By: Diane Benjamin
Five aldermen stopped the welcoming ordinance meeting for next week. More important are the names of the aldermen who didn’t sign the request to stop the waste of time and money: Scott Black, Amelia Buragas, Diana Hauman, and Jamie Mathy
Maybe now the Council’s full attention can be working on the budget. Are they stupid enough to tax fuel again? Do they really believe people won’t avoid local gas stations to save maybe .08 a gallon or more? What about truckers passing through? Why would they fill up here when down the road diesel will be cheaper? If they do pass an increase to the gas tax to fund road repairs, it will further prove roads aren’t a priority unless you pay more. It will also prove they are clueless about economics. Some on the Council want an aquatics center. Their priorities have and continue to be a disaster for the people who live, work, and visit Bloomington.
Follow-up to this story: https://blnnews.com/2018/02/02/citizen-budget-cuts/
If I had been on this committee, I wouldn’t have started with items discussed at the retreat. The entire budget needs scrapped because it is a budget for government employees, not the citizens. Starting over now would take a lot of time, it’s too late for this year.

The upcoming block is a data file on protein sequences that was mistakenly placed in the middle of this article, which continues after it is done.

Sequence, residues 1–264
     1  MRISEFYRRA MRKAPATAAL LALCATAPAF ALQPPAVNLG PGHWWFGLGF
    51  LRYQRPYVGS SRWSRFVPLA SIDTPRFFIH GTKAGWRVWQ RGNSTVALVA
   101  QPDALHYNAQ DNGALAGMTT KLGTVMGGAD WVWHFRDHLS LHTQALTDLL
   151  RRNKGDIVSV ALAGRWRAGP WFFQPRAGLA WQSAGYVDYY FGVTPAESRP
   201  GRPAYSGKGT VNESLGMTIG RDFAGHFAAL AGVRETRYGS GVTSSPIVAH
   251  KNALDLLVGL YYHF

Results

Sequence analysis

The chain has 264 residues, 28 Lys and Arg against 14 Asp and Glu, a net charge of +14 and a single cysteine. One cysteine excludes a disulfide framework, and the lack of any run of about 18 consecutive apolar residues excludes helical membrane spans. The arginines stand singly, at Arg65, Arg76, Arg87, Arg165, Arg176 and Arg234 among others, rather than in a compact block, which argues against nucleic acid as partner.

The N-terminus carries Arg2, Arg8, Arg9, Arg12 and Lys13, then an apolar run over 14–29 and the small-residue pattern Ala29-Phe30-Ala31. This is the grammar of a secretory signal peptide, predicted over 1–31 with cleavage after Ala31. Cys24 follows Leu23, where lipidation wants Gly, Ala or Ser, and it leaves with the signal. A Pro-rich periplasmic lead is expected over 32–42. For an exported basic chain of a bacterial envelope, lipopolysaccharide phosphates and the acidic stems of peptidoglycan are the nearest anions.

One of the recommendations from the citizen budget group organized by Alderman Diana Hauman was privatizing garbage. I see at least one social media post a week about garbage not being picked up, or ones like this:
It’s ridiculous to believe a private company wouldn’t do a better job – they HAVE to in order to stay in business. Government doesn’t have that problem.
This document was written by the budget group and sent to the Council – please read it:
Observations and Thoughts on – Services Provided by Municipalities
Municipalities typically are not models for great efficiency. Capturing efficiency in government will likely always be challenging. Barriers to highly efficient government are many, and include:
- Inadequate attention on capturing efficiencies
- Reluctance to look beyond historic geographic boundaries to seek creative solutions.
- Excessive pride in what we have always been and done